Volume 59 – August 31, 2013
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What To Eat When On Mars
As you know and we have mentioned in other issues, preparations are being made to bring a future trip to Mars closer to reality. One of the important parts of the planning and preparation is FOOD.
HI-SEAS (Hawai'i Space Exploration Analog and Simulation) is a 120-day Mars exploration analog study, run by researchers at Cornell and University of Hawaii with the goal to study and develop foods for astronauts on a mission to Mars.
The 120 -day period started in April and ended in mid-August. For the duration of the study, 6 people have been living in a space habitat on a lava field, a Mars-like environment on Mauna Loa. They have lived as if on Mars; going outside their habitat dressed in simulated spacesuits, conducting science experiments and consuming pre-prepared foods as well as making meals with ingredients that could withstand the duration of a Mars trip.
To learn more about the research and its many aspects, as well as see some recipes and results, please visit:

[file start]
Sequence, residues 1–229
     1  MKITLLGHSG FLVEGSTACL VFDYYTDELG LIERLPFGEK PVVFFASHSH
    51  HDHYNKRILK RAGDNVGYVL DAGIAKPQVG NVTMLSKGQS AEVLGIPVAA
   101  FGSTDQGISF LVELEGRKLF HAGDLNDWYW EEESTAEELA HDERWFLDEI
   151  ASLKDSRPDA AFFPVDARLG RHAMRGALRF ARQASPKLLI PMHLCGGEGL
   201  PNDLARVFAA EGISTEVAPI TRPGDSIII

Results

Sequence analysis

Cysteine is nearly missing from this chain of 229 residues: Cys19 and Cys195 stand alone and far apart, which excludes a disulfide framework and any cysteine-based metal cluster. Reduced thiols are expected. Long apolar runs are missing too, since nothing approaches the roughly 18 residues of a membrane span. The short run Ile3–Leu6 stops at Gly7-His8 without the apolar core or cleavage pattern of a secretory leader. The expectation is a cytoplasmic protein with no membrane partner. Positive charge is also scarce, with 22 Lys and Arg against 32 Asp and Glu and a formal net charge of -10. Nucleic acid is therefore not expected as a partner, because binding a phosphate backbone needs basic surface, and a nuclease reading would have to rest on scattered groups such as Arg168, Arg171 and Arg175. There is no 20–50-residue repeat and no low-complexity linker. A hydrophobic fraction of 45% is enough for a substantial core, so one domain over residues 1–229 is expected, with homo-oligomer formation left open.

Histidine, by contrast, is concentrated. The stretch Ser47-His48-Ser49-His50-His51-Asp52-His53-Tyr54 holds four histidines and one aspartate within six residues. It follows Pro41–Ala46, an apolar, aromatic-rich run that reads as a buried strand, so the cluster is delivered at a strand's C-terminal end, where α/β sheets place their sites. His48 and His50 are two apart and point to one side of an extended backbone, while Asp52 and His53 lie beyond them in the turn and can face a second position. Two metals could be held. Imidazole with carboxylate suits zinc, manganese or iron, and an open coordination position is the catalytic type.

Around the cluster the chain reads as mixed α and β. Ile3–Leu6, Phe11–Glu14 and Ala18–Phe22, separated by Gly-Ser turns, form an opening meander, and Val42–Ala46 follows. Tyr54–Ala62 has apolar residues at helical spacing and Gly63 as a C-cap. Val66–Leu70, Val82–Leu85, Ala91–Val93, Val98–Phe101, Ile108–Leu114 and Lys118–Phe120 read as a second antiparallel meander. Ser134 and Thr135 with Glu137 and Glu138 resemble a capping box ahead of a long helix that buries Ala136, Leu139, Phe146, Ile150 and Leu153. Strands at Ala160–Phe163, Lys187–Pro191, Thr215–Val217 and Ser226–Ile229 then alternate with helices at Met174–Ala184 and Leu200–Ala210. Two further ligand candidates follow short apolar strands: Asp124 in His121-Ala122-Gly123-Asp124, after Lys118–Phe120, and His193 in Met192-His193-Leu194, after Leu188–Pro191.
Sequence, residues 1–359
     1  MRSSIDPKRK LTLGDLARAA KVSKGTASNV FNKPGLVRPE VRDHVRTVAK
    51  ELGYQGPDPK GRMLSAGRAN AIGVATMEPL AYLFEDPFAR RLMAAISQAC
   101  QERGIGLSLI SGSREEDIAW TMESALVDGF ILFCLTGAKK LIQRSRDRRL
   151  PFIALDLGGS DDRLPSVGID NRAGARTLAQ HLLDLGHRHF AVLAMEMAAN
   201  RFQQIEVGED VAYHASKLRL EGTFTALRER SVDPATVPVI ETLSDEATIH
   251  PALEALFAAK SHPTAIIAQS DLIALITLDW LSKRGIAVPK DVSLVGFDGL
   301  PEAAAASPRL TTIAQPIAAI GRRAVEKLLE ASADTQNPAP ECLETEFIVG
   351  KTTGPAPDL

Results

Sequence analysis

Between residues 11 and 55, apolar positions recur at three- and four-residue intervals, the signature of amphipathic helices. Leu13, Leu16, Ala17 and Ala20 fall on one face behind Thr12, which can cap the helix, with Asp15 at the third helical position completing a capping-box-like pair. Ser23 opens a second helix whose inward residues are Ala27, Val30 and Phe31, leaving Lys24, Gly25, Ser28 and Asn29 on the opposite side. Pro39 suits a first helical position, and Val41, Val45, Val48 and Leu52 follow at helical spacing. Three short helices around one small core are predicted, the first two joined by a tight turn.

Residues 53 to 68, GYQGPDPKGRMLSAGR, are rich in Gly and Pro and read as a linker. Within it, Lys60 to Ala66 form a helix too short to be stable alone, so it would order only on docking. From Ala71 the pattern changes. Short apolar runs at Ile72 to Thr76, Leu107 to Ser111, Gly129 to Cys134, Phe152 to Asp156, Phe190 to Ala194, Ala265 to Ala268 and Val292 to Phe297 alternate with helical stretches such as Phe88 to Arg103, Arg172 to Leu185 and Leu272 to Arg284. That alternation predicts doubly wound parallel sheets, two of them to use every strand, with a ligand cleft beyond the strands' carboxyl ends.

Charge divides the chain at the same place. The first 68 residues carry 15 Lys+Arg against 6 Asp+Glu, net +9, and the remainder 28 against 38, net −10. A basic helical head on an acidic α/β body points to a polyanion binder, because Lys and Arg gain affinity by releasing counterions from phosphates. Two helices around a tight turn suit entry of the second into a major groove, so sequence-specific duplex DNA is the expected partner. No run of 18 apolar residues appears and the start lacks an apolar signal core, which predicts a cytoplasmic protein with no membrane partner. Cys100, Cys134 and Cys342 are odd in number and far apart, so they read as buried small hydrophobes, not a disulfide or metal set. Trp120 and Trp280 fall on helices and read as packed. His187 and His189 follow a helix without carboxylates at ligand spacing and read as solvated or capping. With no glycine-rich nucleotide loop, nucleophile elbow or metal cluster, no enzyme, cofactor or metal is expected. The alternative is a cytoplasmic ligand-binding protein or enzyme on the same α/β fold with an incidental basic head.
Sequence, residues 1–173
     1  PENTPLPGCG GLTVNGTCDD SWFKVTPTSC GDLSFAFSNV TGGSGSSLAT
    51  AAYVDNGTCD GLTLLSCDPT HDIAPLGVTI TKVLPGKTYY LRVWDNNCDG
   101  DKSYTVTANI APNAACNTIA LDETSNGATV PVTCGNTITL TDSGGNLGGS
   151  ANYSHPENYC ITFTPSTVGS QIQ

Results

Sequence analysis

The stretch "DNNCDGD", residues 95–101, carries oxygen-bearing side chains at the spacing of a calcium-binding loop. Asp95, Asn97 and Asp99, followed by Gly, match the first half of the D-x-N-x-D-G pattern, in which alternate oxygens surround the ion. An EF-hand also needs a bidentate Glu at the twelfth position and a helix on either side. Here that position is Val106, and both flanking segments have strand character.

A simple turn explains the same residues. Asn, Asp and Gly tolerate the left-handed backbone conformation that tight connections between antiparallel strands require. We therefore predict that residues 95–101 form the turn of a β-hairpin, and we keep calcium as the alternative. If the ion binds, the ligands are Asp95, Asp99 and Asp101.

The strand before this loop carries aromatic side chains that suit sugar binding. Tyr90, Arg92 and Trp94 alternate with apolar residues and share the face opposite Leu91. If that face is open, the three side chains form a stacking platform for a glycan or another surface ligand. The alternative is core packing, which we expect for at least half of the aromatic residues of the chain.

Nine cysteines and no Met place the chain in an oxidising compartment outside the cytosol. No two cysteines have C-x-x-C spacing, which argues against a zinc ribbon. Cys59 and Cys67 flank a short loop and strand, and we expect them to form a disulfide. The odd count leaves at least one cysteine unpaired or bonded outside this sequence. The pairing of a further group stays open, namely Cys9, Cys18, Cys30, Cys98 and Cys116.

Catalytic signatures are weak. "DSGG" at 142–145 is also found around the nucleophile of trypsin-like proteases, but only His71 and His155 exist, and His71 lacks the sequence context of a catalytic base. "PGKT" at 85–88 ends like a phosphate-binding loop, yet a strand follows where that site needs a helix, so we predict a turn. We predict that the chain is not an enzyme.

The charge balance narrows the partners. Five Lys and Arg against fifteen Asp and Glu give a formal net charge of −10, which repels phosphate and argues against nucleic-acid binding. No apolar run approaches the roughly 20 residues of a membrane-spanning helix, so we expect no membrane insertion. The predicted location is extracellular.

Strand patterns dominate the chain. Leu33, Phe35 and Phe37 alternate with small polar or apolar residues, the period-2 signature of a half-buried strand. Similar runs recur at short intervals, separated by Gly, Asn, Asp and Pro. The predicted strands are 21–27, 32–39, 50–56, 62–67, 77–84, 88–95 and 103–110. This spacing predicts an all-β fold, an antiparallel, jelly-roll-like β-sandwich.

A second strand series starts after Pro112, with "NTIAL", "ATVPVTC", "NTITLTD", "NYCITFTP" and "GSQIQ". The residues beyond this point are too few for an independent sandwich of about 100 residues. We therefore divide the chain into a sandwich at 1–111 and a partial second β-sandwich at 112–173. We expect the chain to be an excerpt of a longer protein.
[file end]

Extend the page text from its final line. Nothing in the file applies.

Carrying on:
How High A Grasshopper Jumps!
In the past, we have been featuring advances in SpaceX Falcon and Dragon (newsletter issues 22, 44, 45, 49). Today we want to follow up with news of SpaceX Grasshopper.
On August 13th, aptly code-named Grasshopper, the Falcon 9 test rig, completed a divert test. During the test, not only it flew 250m high, but it also maneuvered 100m laterally before returning to the center of the launching pad.
To see a video of the test, please visit:
Soon, a cell phone with dead batteries may not be as useless as we assume. A group of researchers at the University of Washington have come up with an interesting idea that enables devices to communicate with each other without needing batteries or wires. They are proposing to use the existing TV and WI-FI transmissions that surround us.
Their main idea is to harness these freely available wireless signals to power devices and then use the reflection of the same signals to create a communication channel between them. To prove their concept, they have already built prototypes the size of a credit card.
There would be many applications for this technique. For example, one can build sensors that are placed in important structures, such as bridges, to monitor the health of the structure.
To learn more, please visit:
My Dream of Stars: From Daughter of Iran to Space Pioneer: a book by Anousheh Ansari and Homer Hickam.
In her memoir, Anousheh recalls her long path to success and to achieving her dream. To learn more about the book, please visit: http://www.anoushehansari.com/book/
To find a book signing, please check the upcoming appearances section of this newsletter.
To obtain a copy please visit: